Individual Retirement Accounts (IRAs) and Divorce
In Georgia, Individual Retirement Accounts or IRAs may be subject to equitable division upon divorce, just like liquid accounts such as savings accounts or money market accounts. Like any other form of property, though, an IRA or a portion of an IRA must be deemed marital property to be subject to equitable division. An IRA may be considered marital if it was acquired during the marriage. Courtney v. Courtney, 256 Ga. 97 (1986) and Andrews v. Whitaker, 265 Ga. 76 (1995). This principle applies even if the IRA was earned due to the labor or only one spouse during the marriage.
Unlike 401(k)s, a qualified Domestic Relations Order (QDRO) is unnecessary to divide an IRA upon divorce. According to federal law, an IRA may be split between former spouses upon divorce without the transferring spouse suffering any adverse tax consequences or penalties. 26 U.S.C.A. § 408(d)(6). According to this section of federal law, a transfer from an IRA may be made to a former spouse if it is pursuant to a decree of divorce or a written instrument incident to a divorce, such as a separation agreement or settlement agreement. Generally, to effectuate a transfer of funds held in an IRA upon divorce, a letter of instruction and a copy of the Final Judgment and Decree of Divorce must be forwarded to the financial institution holding the IRA. Additionally, some financial institutions may also have an institution-specific form that must also be completed to effectuate the transfer.
To successfully effectuate the transfer of IRA funds upon divorce, it is essential that the divorce decree or settlement agreement specifically identify the account or accounts to be divided and outline precisely how the funds are divided. This identification normally takes the form of identifying the account by the account holder's name and account number in the decree and specifying the dollar amount or percentage of the account that is subject to transfer. Several methods may be used to transfer IRA funds from one former spouse to the other upon divorce. The most common methods are listed below:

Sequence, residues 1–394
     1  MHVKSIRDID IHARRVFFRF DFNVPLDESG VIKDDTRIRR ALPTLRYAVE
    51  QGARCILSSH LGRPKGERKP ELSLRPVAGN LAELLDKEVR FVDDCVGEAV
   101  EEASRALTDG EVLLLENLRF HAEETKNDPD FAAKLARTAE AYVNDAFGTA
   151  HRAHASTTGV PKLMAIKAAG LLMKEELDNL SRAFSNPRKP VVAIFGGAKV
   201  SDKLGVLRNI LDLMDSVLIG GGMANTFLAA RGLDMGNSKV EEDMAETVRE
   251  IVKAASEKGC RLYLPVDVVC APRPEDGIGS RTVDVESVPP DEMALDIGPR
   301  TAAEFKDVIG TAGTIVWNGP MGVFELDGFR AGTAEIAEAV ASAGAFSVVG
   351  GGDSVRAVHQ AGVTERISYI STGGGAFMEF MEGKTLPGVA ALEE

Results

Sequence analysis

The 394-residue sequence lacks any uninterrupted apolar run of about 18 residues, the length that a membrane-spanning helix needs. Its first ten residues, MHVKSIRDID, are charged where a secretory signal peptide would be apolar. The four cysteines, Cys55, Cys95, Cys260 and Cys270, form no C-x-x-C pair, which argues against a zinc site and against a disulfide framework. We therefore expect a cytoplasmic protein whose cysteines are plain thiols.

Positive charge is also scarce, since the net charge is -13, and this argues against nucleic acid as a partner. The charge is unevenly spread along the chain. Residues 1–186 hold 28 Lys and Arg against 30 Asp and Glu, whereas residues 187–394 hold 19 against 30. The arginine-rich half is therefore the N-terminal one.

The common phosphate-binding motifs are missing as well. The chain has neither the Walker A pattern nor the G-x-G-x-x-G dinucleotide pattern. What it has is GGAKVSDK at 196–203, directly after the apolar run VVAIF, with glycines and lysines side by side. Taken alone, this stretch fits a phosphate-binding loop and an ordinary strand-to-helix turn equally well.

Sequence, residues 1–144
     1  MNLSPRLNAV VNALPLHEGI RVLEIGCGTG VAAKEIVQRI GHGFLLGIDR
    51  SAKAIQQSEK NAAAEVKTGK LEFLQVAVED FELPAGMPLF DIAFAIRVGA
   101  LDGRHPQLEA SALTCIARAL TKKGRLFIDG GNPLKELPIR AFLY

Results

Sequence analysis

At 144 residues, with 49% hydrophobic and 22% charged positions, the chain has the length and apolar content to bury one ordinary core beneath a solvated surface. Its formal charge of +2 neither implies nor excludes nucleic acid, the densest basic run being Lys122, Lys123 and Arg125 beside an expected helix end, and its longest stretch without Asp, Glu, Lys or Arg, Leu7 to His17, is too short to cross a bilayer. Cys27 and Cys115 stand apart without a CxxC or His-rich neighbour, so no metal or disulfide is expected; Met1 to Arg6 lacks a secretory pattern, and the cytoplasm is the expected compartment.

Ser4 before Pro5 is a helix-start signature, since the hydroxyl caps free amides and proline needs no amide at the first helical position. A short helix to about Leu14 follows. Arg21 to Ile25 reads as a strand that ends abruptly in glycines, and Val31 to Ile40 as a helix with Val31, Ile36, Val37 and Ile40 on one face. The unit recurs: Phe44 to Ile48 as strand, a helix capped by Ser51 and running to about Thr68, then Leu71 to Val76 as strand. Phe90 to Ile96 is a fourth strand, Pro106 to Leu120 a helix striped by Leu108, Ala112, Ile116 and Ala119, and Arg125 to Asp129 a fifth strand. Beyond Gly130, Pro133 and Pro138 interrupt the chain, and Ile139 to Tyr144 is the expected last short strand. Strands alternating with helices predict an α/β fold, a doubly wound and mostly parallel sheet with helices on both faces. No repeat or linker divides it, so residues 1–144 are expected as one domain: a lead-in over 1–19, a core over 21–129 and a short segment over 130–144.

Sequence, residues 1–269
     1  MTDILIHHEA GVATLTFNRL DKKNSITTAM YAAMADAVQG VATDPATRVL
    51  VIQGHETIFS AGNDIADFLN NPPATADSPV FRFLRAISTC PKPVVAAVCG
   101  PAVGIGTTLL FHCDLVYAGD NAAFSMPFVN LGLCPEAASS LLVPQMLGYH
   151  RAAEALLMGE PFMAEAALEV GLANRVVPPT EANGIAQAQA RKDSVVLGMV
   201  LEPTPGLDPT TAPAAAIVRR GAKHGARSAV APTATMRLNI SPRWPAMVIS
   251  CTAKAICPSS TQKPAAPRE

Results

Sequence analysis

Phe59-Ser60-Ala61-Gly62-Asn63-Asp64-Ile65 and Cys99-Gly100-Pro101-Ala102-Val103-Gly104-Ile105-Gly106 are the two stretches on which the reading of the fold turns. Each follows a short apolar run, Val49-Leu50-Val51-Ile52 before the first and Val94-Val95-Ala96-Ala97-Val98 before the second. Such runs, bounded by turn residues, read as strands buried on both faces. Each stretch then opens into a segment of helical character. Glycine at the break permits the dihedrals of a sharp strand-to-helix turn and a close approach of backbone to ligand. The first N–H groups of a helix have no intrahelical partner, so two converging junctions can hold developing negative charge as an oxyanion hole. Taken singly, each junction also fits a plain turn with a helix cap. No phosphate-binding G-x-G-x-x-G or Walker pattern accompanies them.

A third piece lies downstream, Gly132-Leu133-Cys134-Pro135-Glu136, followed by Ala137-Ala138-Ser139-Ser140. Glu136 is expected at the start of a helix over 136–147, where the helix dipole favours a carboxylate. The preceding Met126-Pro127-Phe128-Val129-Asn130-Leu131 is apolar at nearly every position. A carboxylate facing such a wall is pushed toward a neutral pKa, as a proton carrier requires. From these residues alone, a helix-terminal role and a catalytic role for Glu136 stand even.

- Transferring a fixed dollar amount or percentage of the owner spouse's IRA to the recipient spouse's IRA. This method may be preferable if the recipient spouse already has an IRA account to which the funds rolled over into.
- Setting up a separate IRA for the transfer amount to be transferred into and then assigning this new account to the recipient spouse by changing the account's name. This method of transfer is generally utilized when the recipient spouse does not have a preexisting IRA account.
- Assigning the entire IRA account to the recipient spouse and changing the name on the original account to reflect the ownership change. This method may be the easiest mode of transfer if 100% of the account is transferred to the recipient's spouse.
As mentioned above, federal law provides that IRA assets divided according to a divorce decree or court-approved separation agreement are treated as a non-taxable transfer. Thus, these transfers are not subject to the tax consequence and penalties that would normally accompany an early withdrawal from an IRA. However, if the transfer of funds is completed incorrectly, the transferring spouse may be penalized. For example, suppose an individual transfers IRA assets to a former spouse without receiving a divorce decree or court-approved separation agreement authorizing the ownership change. In that case, the transferring spouse will be required to treat the transaction as a distribution to him or herself and thus declare that amount as income for tax purposes.
To ensure that neither the transferring spouse nor the recipient spouse suffers any adverse consequences as a result of an IRA transfer, any IRA transfer must be provided for in a divorce decree, or court-approved settlement agreement, or marital dissolution agreement and that the funds be transferred directly from one spouse's IRA to the other spouse's IRA. If the recipient spouse is not immediately able to transfer the funds into his or her IRA, that spouse has 60 to reinvest any distribution received into his or her own IRA. Failing to adhere to these requirements may result in the transferring spouse owing federal income taxes plus a 10% penalty on the transferred amount. It may also result in the recipient spouse suffering adverse tax consequences as well.